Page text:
This talk was delivered at the Mises Circle in Phoenix, AZ, on November 7, 2015.
Whether we’re talking about illegal immigration from Mexico and Central America, or birthright citizenship, or the migrants coming from the Middle East and Africa, the subject of immigration has been in the news and widely discussed for months now. It is an issue fraught with potentially perilous consequences, so it is especially important for libertarians to understand it correctly. This Mises Circle, which is devoted to a consideration of where we ought to go from here, seems like an opportune moment to take up this momentous question.
I should note at the outset that in searching for the correct answer to this vexing problem I do not seek to claim originality. To the contrary, I draw much of what follows from two of the people whose work is indispensable to a proper understanding of the free society: Murray N. Rothbard and Hans-Hermann Hoppe.
Some libertarians have assumed that the correct libertarian position on immigration must be “open borders,” or the completely unrestricted movement of people. Superficially, this appears correct: surely we believe in letting people go wherever they like!
But hold on a minute. Think about “freedom of speech,” another principle people associate with libertarians. Do we really believe in freedom of speech as an abstract principle? That would mean I have the right to yell all during a movie, or the right to disrupt a Church service, or the right to enter your home and shout obscenities at you.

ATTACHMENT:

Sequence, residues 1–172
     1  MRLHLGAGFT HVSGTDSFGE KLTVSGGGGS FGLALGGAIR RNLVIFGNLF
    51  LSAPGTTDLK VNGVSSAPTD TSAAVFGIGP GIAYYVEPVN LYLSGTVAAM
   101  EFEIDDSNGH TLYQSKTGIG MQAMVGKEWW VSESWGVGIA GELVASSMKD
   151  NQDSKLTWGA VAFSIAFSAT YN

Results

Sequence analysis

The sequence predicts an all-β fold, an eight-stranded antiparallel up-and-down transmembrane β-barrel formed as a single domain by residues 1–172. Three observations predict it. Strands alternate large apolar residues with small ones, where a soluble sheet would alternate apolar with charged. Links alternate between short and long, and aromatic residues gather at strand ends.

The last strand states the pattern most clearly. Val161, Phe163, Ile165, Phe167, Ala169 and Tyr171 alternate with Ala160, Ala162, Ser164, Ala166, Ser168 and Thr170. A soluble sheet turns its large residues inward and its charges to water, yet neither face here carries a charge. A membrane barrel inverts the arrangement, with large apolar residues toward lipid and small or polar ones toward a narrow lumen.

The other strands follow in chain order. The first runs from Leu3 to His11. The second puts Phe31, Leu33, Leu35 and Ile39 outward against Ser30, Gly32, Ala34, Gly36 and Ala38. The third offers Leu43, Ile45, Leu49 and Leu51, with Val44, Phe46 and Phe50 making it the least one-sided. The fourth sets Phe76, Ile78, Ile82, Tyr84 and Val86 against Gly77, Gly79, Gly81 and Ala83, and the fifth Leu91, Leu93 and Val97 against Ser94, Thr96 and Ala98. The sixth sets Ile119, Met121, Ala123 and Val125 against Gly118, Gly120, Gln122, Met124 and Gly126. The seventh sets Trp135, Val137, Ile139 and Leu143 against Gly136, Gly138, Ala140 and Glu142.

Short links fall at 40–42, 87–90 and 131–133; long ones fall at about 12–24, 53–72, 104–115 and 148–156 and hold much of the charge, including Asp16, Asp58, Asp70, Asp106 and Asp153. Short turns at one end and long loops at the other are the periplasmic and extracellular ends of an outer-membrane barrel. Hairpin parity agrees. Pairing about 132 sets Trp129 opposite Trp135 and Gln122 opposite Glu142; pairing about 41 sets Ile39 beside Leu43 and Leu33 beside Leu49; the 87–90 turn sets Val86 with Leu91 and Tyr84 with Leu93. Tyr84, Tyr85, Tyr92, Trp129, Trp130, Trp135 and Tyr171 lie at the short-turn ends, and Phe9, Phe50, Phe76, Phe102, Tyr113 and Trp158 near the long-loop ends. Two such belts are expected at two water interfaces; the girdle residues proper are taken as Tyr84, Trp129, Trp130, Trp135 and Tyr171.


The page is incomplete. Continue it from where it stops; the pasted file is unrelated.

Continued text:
What we believe in are private property rights. No one has “freedom of speech” on my property, since I set the rules, and in the last resort I can expel someone. He can say whatever he likes on his own property, and on the property of anyone who cares to listen to him, but not on mine.
The same principle holds for freedom of movement. Libertarians do not believe in any such principle in the abstract. I do not have the right to wander into your house, or into your gated community, or into Disneyworld, or onto your private beach, or onto Jay-Z ‘s private island. As with “freedom of speech,” private property is the relevant factor here. I can move onto any property I myself own or whose owner wishes to have me. I cannot simply go wherever I like.